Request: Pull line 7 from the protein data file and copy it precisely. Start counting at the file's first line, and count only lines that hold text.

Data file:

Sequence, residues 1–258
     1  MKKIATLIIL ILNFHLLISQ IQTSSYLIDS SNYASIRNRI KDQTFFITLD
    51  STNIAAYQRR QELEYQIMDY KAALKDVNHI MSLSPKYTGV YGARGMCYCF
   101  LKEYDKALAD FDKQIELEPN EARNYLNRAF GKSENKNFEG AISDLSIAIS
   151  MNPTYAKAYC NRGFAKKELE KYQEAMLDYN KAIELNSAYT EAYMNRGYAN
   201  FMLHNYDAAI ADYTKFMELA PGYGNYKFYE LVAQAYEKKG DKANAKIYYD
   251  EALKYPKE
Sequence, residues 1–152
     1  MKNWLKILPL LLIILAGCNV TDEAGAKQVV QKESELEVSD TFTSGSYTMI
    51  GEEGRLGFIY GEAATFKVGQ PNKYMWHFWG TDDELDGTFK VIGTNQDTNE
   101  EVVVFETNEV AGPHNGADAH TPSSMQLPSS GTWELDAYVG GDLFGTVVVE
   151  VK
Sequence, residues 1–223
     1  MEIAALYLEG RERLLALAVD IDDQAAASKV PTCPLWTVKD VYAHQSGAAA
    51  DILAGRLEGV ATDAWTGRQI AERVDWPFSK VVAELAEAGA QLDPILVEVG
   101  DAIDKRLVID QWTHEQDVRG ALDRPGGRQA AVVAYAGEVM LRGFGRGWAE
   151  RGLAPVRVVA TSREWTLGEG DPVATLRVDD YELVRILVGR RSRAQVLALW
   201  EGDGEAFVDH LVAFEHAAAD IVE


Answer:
   251  EALKYPKE